3 Techniques That Every Concealed Carrier Should Know

3 Techniques That Every Concealed Carrier Should Know

In most concealed carry training courses, a lot of focus is placed upon ensuring you are confident with employing your preferred handgun at 7 to 10 yards and understand the judiciousness of when and where that is appropriate.

Because many states require mandatory training, people tend to do the minimum and move on. There’s nothing wrong with that but there are some very common handgun techniques that may get missed in this process.

1. Show Clear Mentality

You probably already know this one but a huge step in both gun safety and etiquette is in the transfer of firearms from one person to another. Whenever you are about to hand over a pistol or any firearm to another person, a sign that you respect your own life as much as the other person’s is to demonstrate the firearm is clear.

For handguns, this can be as simple as ejecting the magazine and locking the upper receiver to the rear. Make a quick visual and even manual inspection of the chamber through the open upper receiver.

At this point, when you hand over the pistol, you know unequivocally that this firearm poses no direct threat against the person you are giving the pistol to for inspection.

That person should then inspect the chamber visually and manually to ensure that what you said and demonstrated is true.

2. Operating From The Prone

In a defensive gun situation where you are being ambushed, sometimes you are not within reach of cover or concealment. In this situation, getting down in the prone may be your safest bet. The reason for this is three-fold:

  • You are quickly reducing your silhouette – the portion of your body that is available for an enemy to shoot.
  • You are firing from a supported position.
  • If possible, you can roll or crawl to cover as it makes itself available.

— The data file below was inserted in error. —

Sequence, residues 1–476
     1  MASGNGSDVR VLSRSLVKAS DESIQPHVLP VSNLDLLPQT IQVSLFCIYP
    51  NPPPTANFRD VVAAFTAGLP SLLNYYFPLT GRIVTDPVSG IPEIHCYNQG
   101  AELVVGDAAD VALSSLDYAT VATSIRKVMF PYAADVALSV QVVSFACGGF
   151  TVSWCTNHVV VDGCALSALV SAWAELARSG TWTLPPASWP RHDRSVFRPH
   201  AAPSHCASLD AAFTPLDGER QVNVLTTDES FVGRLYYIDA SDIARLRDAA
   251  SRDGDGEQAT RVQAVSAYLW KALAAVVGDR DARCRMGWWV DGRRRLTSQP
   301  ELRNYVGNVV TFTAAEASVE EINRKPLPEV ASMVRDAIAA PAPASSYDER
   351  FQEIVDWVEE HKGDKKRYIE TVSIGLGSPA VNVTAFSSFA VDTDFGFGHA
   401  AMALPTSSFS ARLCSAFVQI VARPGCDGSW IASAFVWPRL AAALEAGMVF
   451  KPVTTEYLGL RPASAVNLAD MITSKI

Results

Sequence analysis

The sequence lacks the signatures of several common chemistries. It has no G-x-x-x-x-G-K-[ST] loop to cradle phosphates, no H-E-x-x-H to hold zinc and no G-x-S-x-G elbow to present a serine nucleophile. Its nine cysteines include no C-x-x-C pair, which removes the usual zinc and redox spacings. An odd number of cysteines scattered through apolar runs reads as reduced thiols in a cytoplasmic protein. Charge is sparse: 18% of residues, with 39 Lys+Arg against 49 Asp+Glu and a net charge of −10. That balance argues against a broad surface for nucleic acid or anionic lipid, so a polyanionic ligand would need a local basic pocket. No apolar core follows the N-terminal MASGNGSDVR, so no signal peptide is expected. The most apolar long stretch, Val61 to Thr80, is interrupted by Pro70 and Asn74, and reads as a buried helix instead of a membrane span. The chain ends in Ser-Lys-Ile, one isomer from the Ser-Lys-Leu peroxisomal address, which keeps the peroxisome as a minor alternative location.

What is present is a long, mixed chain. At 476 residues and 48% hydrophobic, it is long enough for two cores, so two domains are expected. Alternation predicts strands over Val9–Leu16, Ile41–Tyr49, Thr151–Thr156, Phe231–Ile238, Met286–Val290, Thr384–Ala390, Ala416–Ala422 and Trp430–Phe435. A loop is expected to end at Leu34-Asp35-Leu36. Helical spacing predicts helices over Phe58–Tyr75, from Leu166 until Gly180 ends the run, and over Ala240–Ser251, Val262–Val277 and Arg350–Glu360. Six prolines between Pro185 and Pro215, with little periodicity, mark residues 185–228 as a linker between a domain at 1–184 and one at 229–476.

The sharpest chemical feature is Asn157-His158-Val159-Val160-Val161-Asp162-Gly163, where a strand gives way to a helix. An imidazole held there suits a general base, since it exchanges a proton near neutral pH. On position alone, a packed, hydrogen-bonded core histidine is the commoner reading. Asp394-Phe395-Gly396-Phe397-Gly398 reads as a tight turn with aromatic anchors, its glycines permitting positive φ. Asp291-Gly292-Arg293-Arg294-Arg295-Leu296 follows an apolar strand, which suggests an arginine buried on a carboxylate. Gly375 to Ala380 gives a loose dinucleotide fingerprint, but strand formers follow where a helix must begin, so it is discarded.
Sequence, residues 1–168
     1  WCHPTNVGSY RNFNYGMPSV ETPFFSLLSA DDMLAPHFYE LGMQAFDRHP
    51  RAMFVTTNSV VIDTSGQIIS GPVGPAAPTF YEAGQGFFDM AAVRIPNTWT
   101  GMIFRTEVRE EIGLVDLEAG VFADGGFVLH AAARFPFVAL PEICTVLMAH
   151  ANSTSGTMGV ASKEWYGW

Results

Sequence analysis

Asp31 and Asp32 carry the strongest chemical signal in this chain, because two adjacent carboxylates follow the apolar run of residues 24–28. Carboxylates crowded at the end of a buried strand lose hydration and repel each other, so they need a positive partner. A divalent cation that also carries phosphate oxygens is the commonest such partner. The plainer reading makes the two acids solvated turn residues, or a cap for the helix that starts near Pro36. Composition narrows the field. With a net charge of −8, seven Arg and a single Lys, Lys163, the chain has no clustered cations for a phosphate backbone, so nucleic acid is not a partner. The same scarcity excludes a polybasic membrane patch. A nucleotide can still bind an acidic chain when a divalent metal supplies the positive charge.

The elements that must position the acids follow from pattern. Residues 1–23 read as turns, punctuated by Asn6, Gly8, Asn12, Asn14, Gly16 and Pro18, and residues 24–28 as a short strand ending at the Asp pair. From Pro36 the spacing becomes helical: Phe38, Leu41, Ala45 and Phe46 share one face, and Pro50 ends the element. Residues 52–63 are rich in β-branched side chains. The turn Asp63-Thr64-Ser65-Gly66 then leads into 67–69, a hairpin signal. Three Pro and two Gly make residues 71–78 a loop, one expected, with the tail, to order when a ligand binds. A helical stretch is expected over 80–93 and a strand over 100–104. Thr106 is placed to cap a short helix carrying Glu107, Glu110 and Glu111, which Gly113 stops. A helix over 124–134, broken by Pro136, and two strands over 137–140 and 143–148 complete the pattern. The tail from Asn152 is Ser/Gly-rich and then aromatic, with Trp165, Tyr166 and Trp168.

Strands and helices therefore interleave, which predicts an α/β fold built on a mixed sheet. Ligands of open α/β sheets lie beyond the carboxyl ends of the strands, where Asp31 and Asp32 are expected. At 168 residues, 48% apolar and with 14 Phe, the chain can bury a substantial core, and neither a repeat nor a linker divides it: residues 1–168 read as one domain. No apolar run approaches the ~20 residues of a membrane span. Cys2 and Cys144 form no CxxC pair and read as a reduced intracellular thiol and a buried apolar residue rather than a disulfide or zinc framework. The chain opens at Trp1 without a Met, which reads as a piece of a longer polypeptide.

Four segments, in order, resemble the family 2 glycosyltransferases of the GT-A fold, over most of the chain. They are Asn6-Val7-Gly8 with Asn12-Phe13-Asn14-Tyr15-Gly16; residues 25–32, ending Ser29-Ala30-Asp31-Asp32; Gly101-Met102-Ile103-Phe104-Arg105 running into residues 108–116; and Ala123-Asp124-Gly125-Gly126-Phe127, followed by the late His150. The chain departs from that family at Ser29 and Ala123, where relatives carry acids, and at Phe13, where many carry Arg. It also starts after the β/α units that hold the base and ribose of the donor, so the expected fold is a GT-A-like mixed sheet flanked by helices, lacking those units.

The reason why this technique is glossed over so much, I believe, is because it greatly reduces a person’s ability to flee. When flight is out of the question or is not permissible, it’s better to give yourself all the advantage of a supported fighting position rather than attempt to “run and gun”. Running and firing produces both wildly inaccurate results and exposes yourself to even more injury or death.

Handguns are predominantly effective between 1 and 30 yards. From a standing position, you will have a much harder time in a high stress situation of hitting a target at 10 yards. From the prone position, your arms and body will be supported to reduce your shaking – giving you the advantage of making some real hits down range.

3. High Kneeling Weaver Stance

We all know about Weaver and Isosceles standing positions when firing a pistol – but did you know there’s also kneeling stances you can take as well. Just like the prone position, a kneeling position can sacrifice immediate mobility with target precision. For those caught out in the open during an ambush or violent struggle, reaching cover and concealment would virtually guarantee death or injury. In situations like this, it is better to focus on neutralizing threats and take your chances. That’s a gamble you make.

I chose the High Kneeling Weaver because you are using your high knee as stability to place your non-dominant supporting hand upon. You use your dominant trigger hand to safely and securely place rounds judiciously.


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